Sunday Morning Medicine

A weekly check-up of gender, medicine, and history in the news Ancient recycling. Psychological cinema. Excavating Woodstock. Time-traveling lesbians. The afterlife of royal hair. 8 queer music milestones. An alternate history of DDT. The hidden Zika crisis in Cuba. A brief history of the waffle iron. A people’s history of board games. America’s first generic… Read more →

Challenging Myth and Misogyny in the Ripper Murders: An Interview with Hallie Rubenhold

In her new book The Five: The Untold Stories of the Women Killed by Jack the Ripper, social historian Hallie Rubenhold deftly challenges conventional Ripper mythology with an extensively researched deep dive into the lives of his overlooked and stereotyped victims. Through reconstructions of these women’s individual lifelong experiences, Rubenhold counters the long-held assumption that… Read more →

What Women “Want”: Wordsmithing Education Reform Rhetoric

Persuaders and Persuadees The decentralized nature of public education in America means that any one individual who wants to implement sweeping change needs to use rhetoric and persuasion to convince others their idea is the best one. For most of American history, the persuaders have generally come from one demographic group and directed their powers… Read more →

Shame and Shearing: The Politics of Women’s Hair in Independence-Era Ireland

The shearing of women’s hair has a long history as a tactic for dehumanizing, humiliating, and setting women apart from the rest of the population.2 Hair often holds great symbolic value for women. Long hair can be a mark of femininity, and many women take great pride in their hair. The act of shaving a… Read more →

Sunday Morning Medicine

A weekly check-up of gender, medicine, and history in the news Epidemics and urban design. Radical psychiatry: 50 years later. The myth of the “underage woman.” The woman who tasted Hitler’s food. How “carpe diem” got lost in translation. The dangers of on-demand digital therapy. Hedgehogs, cannabis bread, and horse placenta. What do traffic jams… Read more →

Dinner with Death: Kate Bender, Murder, and Mayhem on the Kansas Prairie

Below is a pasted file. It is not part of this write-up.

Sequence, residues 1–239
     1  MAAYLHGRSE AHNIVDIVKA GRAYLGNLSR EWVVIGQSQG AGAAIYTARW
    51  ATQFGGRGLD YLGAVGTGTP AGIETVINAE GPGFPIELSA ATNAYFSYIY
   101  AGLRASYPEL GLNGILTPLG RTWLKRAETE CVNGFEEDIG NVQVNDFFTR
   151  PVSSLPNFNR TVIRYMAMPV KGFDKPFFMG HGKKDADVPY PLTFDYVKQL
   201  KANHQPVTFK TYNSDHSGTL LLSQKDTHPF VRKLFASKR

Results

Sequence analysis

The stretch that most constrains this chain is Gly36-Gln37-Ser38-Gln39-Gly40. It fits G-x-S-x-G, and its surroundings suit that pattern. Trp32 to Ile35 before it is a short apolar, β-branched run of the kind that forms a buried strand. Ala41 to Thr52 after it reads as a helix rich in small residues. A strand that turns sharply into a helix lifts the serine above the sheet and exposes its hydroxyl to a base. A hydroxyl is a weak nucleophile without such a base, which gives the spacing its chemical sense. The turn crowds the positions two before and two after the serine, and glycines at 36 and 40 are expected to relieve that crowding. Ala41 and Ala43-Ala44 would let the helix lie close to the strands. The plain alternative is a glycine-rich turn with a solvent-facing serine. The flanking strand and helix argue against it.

With the close of the American Civil War, western states like Kansas teemed with travelers and refugees seeking opportunity and solace as shattered families worked to rebuild their interrupted lives. Filled with open space and limitless development potential, Kansas attracted former Union and Confederate soldiers, Exodusters (newly freed African-Americans), and migrants from the world over.1… Read more →

Over-the-Counter Anxiety: Selling the Home Pregnancy Test

Walk through the aisles of any American drugstore, and you’ll eventually encounter the home pregnancy test section. Because of the ease, convenience, and relative affordability of these tests, the majority of Americans now find out they’re pregnant in the privacy of their own bathrooms. The home pregnancy test is undoubtedly a success story. You can… Read more →

Hannah Gadbsy and the Comedy of the History Lecture

She had me at Douglas’ Pouch. The Mary Toft reference was just a bonus. I went to Hannah Gadsby’s stand up show Douglas expecting searing critique of the patriarchy, sharp commentary on trauma and sexism, a fresh perspective on gender and sexuality non-conformity, and the kind of cathartic laughter that makes everything possible. I didn’t expect… Read more →

Sunday Morning Medicine

A weekly check-up of gender, medicine, and history in the news The vaccine whisperers. Reimagining female beauty.  The racist story behind the pit bull. Can self-help heal the body politic? Why did Mary Clara like to steal dresses? Meet five doctors who perform abortions. What does “feminism” mean in Bollywood? The Sims and 20 years of… Read more →

Disappointed Love and Dangerous Temptations: Textile Factories and True Crime

Mary Bean enjoyed “unlawful relations” in the summer of 1849; by the fall she was pregnant. In November she entered the house of the mysterious Dr. Savin and was never seen again.1 Jilted at the altar, Orrilla Durrell died from “disappointed love”;2 so did Catherine Cotton, whose encounter with a con man pushed her to… Read more →